The Wiert Corner – irregular stream of stuff

Jeroen W. Pluimers on .NET, C#, Delphi, databases, and personal interests

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Archive for the ‘VB.NET’ Category

Closed: HDD Guardian – Home

Posted by jpluimers on 2017/08/16

Too bad: it was fun while it lasted.

Mid april 2017 [WayBackHDD Guardian – Home closed down, so the latest commit removed all the [WayBackHDD Guardian – Source Code.

HDD Guardian provides a Windows front-end for smartctl, a utility which monitors your hard drive(s) and SSD(s) for health status, taking advantage of S.M.AR.T.

The WayBack machine and Archive.is have archived some links though:

Anyone interested in getting it before codeplex itself shuts down:

git svn clone https://hddguardian.svn.codeplex.com/svn

–jeroen

Posted in .NET, Development, Power User, Software Development, VB.NET, Windows | Leave a Comment »

Visual Studio 2015 Frequently Asked Questions – install size

Posted by jpluimers on 2016/04/14

Visual Studio is a pretty big product and will take over 30GB of disk space after installation

Source: Visual Studio Frequently Asked Questions

LOL. It’s about half the size of recent Delphi versions.

–jeroen

Posted in .NET, .NET 4.0, .NET 4.5, C#, C# 5.0, C# 6 (Roslyn), Delphi, Delphi 10 Seattle, Delphi XE8, Development, Software Development, VB.NET, Visual Studio 2015, Visual Studio and tools, Xamarin Studio | 4 Comments »

License for MICROSOFT VISUAL STUDIO COMMUNITY 2015 (which includes Xamarin use)

Posted by jpluimers on 2016/04/07

Wow, Microsoft has come a long way:

MICROSOFT VISUAL STUDIO COMMUNITY 2015


These license terms are an agreement between Microsoft Corporation (or based on where you live, one of its affiliates) and you. They apply to the software named above. The terms also apply to any Microsoft services or updates for the software, except to the extent those have different terms.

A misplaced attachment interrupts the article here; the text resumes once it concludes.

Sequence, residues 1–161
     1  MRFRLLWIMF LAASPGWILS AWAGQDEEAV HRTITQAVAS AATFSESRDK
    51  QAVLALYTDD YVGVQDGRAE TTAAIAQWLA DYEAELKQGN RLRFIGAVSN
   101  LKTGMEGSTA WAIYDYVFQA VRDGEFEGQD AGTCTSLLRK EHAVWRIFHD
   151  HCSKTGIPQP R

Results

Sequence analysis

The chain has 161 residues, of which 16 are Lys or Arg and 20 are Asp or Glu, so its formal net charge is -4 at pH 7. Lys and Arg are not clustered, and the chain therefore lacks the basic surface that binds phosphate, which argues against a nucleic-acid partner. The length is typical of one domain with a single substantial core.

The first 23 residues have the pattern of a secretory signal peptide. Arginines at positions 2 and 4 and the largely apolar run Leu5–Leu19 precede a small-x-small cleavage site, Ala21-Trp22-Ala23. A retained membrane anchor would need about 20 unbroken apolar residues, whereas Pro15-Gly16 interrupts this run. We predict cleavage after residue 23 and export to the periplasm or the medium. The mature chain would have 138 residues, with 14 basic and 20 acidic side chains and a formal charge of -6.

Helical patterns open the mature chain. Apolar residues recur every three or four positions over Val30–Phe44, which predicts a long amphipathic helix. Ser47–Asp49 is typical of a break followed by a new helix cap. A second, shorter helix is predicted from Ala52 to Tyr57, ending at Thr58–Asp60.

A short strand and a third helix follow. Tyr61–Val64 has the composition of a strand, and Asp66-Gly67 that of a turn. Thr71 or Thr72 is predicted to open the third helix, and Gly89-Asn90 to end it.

IF YOU COMPLY WITH THESE LICENSE TERMS, YOU HAVE THE RIGHTS BELOW.

  1. INSTALLATION AND USE RIGHTS.
    1. Individual license. If you are an individual working on your own applications to sell or for any other purpose, you may use the software to develop and test those applications.
    2. Organization licenses. If you are an organization, your users may use the software as follows:
      • Any number of your users may use the software to develop and test your applications released under Open Source Initiative (OSI) approved open source software licenses.
      • Any number of your users may use the software to develop and test extensions to Visual Studio.
      • Any number of your users may use the software to develop and test your applications as part of online or in person classroom training and education, or for performing academic research.
      • If none of the above apply, and you are also not an enterprise (defined below), then up to 5 of your individual users can use the software concurrently to develop and test your applications.